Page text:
Ohio GOP supports college overhaul bills to create ‘safe space’ for conservatives
College students walk on campus. (Klaus Vedfelt/Getty Images)
Ohio conservatives want “safe spaces” on college campuses, demonstrated by the passing and introduction of controversial legislation meant to overhaul the state’s higher education system.
After hours of hearings and hundreds of people giving testimony, Ohio Republican senators passed Senate Bill 83.
The bill focuses on what GOP calls “free speech,” banning public universities in Ohio from having “bias” in the classroom and limiting what “controversial topics” can and can’t be taught.
“Free from the pressure to agree with a single ideological perspective, which dominates our campuses today,” bill sponsor Sen. Jerry Cirino (R-Kirtland) said.
Ohio State University professor Dr. Pranav Jani says S.B. 83 is dangerous and insulting.
“We don’t simply tell them what to think and then program them,” Jani said. “That’s not how education works these days.”
This bill has everything to do with young people turning away rapidly from the Republican Party, the professor added.
“[The Republican lawmakers] want conservative and right-wing ideas to be far more prominent in the lives of young people than they are,” Jani said.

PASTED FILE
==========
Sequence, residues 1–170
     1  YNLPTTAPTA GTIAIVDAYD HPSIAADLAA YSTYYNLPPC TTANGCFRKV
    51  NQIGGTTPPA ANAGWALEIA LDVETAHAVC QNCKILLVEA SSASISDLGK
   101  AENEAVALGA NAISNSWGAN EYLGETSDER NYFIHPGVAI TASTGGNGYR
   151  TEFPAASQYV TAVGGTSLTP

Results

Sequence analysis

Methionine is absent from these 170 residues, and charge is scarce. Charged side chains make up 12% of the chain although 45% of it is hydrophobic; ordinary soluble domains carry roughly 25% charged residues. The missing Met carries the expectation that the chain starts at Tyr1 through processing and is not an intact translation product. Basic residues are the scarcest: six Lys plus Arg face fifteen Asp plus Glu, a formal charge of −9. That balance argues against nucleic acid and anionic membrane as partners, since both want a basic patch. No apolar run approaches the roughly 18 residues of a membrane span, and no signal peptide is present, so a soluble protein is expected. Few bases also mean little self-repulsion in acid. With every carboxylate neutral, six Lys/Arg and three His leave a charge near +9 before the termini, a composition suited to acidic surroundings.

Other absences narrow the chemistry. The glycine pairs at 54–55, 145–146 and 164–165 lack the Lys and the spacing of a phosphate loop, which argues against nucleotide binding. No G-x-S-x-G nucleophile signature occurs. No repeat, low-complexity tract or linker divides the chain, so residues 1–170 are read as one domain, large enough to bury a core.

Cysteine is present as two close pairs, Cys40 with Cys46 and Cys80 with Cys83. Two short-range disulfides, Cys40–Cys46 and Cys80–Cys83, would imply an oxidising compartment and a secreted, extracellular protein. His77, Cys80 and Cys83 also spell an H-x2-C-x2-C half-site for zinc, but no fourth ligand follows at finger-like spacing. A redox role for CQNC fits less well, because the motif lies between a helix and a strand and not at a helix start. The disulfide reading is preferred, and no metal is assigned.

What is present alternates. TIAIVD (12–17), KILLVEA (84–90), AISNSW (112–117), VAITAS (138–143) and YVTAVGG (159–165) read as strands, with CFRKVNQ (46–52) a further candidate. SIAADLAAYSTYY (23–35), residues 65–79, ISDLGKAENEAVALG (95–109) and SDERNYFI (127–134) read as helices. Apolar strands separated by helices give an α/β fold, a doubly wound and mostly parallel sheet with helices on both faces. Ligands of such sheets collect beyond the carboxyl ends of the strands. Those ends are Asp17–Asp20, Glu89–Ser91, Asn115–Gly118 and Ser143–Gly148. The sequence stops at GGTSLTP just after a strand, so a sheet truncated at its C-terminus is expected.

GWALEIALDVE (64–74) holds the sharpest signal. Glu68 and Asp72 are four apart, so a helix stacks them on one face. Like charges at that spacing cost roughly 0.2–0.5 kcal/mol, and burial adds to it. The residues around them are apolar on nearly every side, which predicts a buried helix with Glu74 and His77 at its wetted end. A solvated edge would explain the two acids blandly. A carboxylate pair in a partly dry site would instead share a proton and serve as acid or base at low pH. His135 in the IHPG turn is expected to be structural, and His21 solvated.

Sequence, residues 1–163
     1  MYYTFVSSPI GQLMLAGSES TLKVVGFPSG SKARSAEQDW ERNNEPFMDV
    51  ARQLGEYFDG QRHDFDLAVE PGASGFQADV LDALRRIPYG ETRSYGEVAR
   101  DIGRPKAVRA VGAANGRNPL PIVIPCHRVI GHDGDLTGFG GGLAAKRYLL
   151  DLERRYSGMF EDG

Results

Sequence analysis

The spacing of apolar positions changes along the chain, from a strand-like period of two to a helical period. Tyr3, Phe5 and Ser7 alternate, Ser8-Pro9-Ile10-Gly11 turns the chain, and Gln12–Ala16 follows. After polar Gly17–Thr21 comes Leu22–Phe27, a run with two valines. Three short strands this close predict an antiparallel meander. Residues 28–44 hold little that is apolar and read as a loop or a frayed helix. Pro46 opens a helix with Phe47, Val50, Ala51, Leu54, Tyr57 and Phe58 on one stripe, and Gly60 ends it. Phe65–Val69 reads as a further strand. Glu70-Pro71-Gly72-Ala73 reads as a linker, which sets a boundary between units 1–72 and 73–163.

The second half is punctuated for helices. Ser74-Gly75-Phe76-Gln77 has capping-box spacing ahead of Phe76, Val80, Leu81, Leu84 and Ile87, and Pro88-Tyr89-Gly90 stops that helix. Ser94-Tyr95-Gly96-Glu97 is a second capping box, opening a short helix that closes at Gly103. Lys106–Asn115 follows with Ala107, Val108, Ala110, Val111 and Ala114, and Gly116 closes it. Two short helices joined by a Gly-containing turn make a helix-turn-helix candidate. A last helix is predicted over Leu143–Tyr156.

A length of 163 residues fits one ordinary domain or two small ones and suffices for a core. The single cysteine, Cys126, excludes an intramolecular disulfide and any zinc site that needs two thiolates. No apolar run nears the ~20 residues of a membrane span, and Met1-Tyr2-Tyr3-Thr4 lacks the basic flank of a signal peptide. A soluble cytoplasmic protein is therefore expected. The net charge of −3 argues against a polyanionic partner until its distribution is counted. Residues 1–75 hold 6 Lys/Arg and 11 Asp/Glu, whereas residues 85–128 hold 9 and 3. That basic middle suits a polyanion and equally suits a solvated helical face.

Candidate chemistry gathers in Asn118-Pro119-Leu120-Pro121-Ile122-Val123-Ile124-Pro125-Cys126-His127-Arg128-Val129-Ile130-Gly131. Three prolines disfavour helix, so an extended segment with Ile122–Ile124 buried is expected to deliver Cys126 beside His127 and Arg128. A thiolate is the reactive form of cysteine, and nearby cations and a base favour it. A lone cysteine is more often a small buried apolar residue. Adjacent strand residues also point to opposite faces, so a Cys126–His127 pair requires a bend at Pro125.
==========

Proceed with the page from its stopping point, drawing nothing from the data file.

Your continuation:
But state Rep. Josh Williams (R-Oregon) believes conservatives feel discriminated against on campus, citing his own experience in law school at the University of Toledo.
“If you had an opposing view, you would just call that individual a fascist, a Nazi, as a way of quashing their speech and making their comments and their positions irrelevant,” Williams told OCJ/WEWS.
This is why he is in support of this bill and S.B. 117, which would create learning centers on OSU and University of Toledo campuses, meant to specifically target “intellectual diversity”
“This could be seen as a safe space for conservatives?” we asked.
“I believe it will not only be a safe space for conservatives, but a safe space for individuals who see themselves as not conservative or liberal, but on college campuses to learn,” he responded.
But some advocates are calling out the irony in S.B. 83 and 117 – limiting free speech for educators if they are seen as too liberal but creating new spaces for conservatives.
Williams disagreed, telling opponents to “read the actual bill.”
“No part of the bill says it gives a safe haven to conservatives,” he said.
Jani assures the bills are hypocritical.
“It’s exactly the kind of top-down, 1984-style Big Brother government that I thought Republicans were opposed to,” the professor said.
Education advocates argue that conservatives have historically made fun of liberals for wanting “safe spaces,” but they are spending millions of dollars so they can have a place on campus where they aren’t ridiculed by the “liberal elite.”
The House will hear both bills in the coming weeks.
This article was originally published on News5Cleveland.com and is published in the Ohio Capital Journal under a content-sharing agreement. Unlike other OCJ articles, it is not available for free republication by other news outlets as it is owned by WEWS in Cleveland.
Follow WEWS statehouse reporter Morgan Trau on Twitter and Facebook.
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